The automated survey, conducted Tuesday night by Democratic-leaning Public Policy Polling on behalf of the National Resources Defense Council, showed that 67 percent of those who said they watched the State of the Union approved of Obama's speech while 33 percent disapproved. Seventy-two percent of women and 62 percent of men said they approved of the address.Compare that to the Republican responses, almost all which were prepared before the speech ever took place (you know, for efficiency.) The Rubio speech was a good example, a dry, parched wasteland of talking points that had long since desiccated in the political sunli—well, now I'm getting thirsty.
The larger point: Republicans are in a tough spot here. On the big points in Obama's speech, the public is behind him. Their two available choices (since actually doing things the public favors is, as usual, right out) is the awkward Rubio approach of just pretending that none of the last 10-14 years ever happened, popping up with the same speech that any Bush-era Republican could and did offer during that whole long mess, or the newer Boehner approach of recognizing that his current crop of Republicans can't agree amongst themselves on anything anyway, and therefore bailing out on whole notion of "governing" for a while. Oh, and to blame Obama for a sequester that they could, with a single vote, simply wipe from the books.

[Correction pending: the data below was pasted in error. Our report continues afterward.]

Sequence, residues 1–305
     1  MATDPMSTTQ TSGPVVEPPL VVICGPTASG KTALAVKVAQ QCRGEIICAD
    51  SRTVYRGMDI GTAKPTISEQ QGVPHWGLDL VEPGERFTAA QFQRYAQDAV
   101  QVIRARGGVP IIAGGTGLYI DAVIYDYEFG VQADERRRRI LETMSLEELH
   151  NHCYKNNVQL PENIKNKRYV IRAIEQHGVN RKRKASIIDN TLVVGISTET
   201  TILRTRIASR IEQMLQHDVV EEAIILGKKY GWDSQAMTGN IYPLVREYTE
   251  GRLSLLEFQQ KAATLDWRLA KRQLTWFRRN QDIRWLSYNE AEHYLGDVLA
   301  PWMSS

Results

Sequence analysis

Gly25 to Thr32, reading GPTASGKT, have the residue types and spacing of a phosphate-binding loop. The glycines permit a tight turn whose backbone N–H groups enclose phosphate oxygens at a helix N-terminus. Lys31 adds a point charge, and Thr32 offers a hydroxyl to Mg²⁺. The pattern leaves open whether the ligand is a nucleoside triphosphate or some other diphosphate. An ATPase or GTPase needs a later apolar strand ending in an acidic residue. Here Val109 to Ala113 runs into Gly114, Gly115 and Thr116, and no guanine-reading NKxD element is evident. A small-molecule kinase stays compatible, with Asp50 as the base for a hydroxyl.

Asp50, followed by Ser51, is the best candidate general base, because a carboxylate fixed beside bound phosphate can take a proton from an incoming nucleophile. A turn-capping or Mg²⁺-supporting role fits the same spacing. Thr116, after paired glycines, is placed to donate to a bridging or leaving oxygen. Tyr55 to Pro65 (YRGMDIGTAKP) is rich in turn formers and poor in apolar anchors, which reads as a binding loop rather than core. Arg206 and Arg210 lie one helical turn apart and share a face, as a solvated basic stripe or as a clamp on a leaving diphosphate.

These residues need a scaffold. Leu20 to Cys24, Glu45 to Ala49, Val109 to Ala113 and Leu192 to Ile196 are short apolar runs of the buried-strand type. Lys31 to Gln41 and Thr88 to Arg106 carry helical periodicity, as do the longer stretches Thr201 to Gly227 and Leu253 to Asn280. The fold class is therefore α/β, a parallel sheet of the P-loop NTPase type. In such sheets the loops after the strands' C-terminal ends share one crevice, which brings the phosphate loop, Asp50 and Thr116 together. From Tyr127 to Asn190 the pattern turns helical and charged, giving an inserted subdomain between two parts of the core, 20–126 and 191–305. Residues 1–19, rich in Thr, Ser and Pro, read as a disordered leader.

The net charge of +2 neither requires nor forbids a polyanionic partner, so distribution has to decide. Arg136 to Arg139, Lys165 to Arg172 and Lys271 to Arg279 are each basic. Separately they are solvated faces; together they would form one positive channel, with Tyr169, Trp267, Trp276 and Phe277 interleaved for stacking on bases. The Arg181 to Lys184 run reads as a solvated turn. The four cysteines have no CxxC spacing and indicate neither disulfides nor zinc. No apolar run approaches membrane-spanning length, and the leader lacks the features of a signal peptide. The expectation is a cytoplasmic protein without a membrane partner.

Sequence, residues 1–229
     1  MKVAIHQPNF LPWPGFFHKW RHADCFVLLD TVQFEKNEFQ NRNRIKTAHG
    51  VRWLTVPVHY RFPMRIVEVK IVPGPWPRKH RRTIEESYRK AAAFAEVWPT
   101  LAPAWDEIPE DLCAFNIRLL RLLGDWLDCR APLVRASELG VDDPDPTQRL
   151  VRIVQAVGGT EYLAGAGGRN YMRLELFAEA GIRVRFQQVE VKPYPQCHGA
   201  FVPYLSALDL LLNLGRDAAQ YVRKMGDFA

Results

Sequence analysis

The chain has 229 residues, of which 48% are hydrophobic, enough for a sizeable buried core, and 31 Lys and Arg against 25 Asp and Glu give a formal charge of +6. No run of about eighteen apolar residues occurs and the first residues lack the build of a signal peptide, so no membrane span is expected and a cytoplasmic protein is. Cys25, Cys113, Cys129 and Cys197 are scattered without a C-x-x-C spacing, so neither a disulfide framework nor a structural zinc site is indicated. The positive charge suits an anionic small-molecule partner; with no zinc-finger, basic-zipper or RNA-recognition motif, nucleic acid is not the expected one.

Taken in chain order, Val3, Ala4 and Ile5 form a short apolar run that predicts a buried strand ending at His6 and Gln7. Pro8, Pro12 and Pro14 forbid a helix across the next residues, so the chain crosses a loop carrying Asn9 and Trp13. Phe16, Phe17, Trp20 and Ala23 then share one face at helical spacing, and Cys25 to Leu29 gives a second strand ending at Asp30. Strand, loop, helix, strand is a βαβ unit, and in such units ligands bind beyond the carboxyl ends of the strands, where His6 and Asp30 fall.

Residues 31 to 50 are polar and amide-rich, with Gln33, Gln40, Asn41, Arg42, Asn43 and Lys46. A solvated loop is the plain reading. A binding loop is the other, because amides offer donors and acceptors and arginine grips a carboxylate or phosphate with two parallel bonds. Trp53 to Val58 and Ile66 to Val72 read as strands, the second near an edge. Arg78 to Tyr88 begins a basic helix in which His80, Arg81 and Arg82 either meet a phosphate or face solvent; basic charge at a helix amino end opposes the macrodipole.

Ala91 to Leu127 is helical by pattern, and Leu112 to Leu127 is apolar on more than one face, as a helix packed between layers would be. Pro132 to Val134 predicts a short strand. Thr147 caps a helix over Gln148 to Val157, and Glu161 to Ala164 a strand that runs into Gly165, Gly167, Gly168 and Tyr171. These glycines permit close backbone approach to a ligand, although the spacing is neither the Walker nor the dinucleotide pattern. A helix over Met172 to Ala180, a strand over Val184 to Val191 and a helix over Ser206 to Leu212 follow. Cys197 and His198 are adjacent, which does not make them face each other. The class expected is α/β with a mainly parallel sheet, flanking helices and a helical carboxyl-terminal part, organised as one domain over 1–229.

Not forthcoming: any of the supposed new "strategies" we've been hearing the GOP talk about. There's the part where they blame Obama for stuff they themselves insisted upon, and the part where they simultaneously demand we do ambiguous "stuff" while demanding the Democrats actually come up with the details of the hurtful "stuff" the Republicans want to do, the part where tax cuts tax cuts tax cuts, and the part where yet another new party savior-in-training drones on about the same pouting crap. If there's a new, post-Romney plan for the party, they haven't yet graced us with it.